The Monkey Princess (stellanova) wrote,
The Monkey Princess

family ties

As you may know, my love for Sweet Valley High books knows no bounds. Which was why I was thrilled to find, while in Cork over Christmas, a copy of The Patmans of Sweet Valley. Yes! It was the story of Bruce Patman's ancestors, they who founded the famous canning factory which allowed their descendents to be so snooty about being, um, aristocrats (being well aquainted with the Nancy Mitford rules of snobbery, which I obviously didn't agree with, I thought it was rather odd that Bruce Patman was the Californian equivalent of the Duke of Devonshire because the family owned a canning factory - unlike the supposedly nouveau riche Fowlers, with their silicon chip empire!). Except it turns out that they really made their fortune from oil, and only went to Sweet Valley in the '40s and started the canning factory then! And! Bruce really IS of "noble" blood, because on his mother's side he is descended from (of course) the daughter of an earl! You see, the story starts in Regency England, where the beautiful Lady Sophie meets handsome stable lad Henry Patman. We can see in the family trees at the start of the book that both of Bruce's parents are descended from this duo, and that their descendents seem to keep bumping into each other over the centuries, but just as I thought that Bruce was going to turn out to be the product of six generations of incest (which would explain a lot), the star crossed lovers are separated by Lady Sophie's cruel parents - oh noes!

So basically we trace both Bruce's maternal and paternal line, members of which keep meeting but never getting together properly, until of course Bruce's parents fall in love and actually manage to get married to each other and produce their monstrous child. The whole thing was totally stupid and totally entertaining, and there was one rather good bit about Bruce's great-great-great-grandfather who leaves his pro-slavery family during the American civil war and goes off to help on the underground railroad. He falls in love with an escaped slave, and they get married in a secret Quaker ceremony. And then she gets pregnant, and just as I was thinking that we were going to uncover Bruce's African-American roots, which would have been pretty cool, she is KILLED by confederate soldiers, and the whole thing was actually quite moving CURSES WHAT AM I SAYING (tm molesworth).

Anyway, after that we can rest assured that Bruce, like the rest of the Aryan nation at Sweet Valley High, is 100% WASP. Seriously, Sweet Valley is the waspiest town in America. There are about ten students who aren't white (about five black students, one Chinese girl, and two Mexican-Americans. In SOUTHERN CALIFORNIA). There are no Jewish kids. There are no Irish-American kids. There are certainly no children with Arabic names. There is one kid with an Italian surname. In fact, there are hardly any students who don't have true blue English surnames. It's ridiculous. They try and make up for it in one of the last books, in which Annie Whitman's mother marries a black man who moves to SV with his daughter. And then the daughter starts seeing the Wakefield's brother. Around the same time there was a book in which the seldom-mentioned school bully starts a racist campaign against one of the two black students. But it's too little, too late after nearly 100 books without an O'Hanrahan or a Rosenberg or an anything non-WASPish in the surname line to be seen. I wish someone would write a thesis on race relations in Sweet Valley, because it would be a pretty damning indictment of the astonishing racism of either the publishing industry or the SVH editors.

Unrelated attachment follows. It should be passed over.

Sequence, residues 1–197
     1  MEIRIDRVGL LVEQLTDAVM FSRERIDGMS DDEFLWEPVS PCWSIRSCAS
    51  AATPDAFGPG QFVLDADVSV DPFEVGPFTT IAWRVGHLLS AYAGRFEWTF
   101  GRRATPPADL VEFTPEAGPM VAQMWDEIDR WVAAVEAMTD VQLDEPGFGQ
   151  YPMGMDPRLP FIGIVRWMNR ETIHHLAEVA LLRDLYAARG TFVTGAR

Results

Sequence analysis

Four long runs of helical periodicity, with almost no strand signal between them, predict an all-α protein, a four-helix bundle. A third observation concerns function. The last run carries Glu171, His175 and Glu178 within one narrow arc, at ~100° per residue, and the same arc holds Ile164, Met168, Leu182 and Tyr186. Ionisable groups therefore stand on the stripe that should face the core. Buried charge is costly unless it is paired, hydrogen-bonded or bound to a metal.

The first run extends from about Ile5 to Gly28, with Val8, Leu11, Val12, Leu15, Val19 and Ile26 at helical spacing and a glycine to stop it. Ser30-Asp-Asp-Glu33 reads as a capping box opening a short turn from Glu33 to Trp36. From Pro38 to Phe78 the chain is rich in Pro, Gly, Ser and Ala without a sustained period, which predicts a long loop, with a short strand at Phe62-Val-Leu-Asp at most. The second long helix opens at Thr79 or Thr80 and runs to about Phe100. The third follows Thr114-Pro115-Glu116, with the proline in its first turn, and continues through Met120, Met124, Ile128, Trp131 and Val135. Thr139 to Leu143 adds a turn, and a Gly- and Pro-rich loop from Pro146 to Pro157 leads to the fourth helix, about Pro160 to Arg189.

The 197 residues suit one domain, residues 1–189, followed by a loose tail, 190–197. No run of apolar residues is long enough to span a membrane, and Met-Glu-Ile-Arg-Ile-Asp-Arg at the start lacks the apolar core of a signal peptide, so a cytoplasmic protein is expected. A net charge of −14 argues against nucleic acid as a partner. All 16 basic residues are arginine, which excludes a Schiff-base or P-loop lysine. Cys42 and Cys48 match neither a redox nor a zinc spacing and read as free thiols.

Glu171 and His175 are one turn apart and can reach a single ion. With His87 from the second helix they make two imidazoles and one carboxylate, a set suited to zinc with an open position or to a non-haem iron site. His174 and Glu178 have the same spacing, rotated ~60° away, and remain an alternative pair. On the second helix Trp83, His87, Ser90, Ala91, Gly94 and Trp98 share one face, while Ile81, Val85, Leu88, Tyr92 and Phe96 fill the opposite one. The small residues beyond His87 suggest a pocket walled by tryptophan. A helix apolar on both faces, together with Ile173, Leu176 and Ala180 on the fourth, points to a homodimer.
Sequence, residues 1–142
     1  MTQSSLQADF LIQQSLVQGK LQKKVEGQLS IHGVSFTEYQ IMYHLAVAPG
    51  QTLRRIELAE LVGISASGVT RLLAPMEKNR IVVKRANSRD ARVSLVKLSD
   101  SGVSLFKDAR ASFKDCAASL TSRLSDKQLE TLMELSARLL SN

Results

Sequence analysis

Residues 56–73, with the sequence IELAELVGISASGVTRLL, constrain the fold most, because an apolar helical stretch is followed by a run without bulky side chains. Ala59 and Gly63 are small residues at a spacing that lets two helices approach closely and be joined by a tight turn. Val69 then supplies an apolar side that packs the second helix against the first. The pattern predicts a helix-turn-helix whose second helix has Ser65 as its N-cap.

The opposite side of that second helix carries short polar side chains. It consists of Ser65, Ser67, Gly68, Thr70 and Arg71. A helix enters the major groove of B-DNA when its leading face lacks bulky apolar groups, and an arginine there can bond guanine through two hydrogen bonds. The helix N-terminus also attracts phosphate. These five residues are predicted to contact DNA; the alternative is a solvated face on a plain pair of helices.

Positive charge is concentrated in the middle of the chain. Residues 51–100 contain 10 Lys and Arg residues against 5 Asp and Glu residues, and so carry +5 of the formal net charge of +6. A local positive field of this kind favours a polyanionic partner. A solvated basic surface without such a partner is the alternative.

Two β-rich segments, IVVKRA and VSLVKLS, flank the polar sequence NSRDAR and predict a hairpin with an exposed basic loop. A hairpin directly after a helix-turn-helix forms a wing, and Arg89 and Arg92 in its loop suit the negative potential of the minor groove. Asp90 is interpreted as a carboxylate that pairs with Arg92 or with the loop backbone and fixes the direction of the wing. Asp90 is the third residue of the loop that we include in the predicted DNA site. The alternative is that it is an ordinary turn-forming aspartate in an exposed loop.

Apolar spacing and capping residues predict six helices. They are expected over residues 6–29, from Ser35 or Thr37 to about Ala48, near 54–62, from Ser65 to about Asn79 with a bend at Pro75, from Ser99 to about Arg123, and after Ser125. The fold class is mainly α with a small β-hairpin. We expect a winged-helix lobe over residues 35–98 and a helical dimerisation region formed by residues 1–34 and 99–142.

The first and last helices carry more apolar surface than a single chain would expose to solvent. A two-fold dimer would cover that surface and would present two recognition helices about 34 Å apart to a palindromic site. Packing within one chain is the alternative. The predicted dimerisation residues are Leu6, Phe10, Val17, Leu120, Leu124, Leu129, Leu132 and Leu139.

But on Wednesday in Chapter's I found The Fowlers of Sweet Valley, billed as "the sweeping, romantic history of the men and women who made Lila Fowler who is today!" YES! And it turns out that Lila is not a WASP, because SHE IS DESCENDED FROM A FRENCH ARISTOCRAT! Not so nouveau riche now, eh, Patmans? Oh my God, it's hilarious. I am only on the first bit now, but so far Lili (for that is the name of the French aristocrat) has lost her family and her fortune. Because apparently in 1789, several days before the storming of the Bastille, run of the mill French peasants not only were besieging the houses of the local toffs, but THEY HAD THEIR OWN GUILLOTINE! In a field! In the Loire valley! Long before the reign of terror! Yes! Who knew? Not most historians, I'll be bound. Anyway, Lili is rescued at the last minute by a handsome stranger and taken off to Paris and dumped at the side of the road to seek her fortune. Now, of course, I thought that it was going to turn out that Lila was descended from a demi-mondaine as there were very few jobs that a penniliess woman with no home or family could do in 18th century, but alas it was not to be. SO FAR. Lili is currently working as a seamstress (which seems like a rather inaccurately jolly job) but who knows how far she'll fall? All I know is that it can't be far enough for me. I'll keep you all posted. And now I have to look for The Wakefields of Sweet Valley, which of course does exist, and which will doubtless tell us that the Wakefield Twins are descended from the sun god Ra or something. God knows, the stars of Sweet Valley can't be descended from plain old peasants like the rest of us...
Tags: sweet valley
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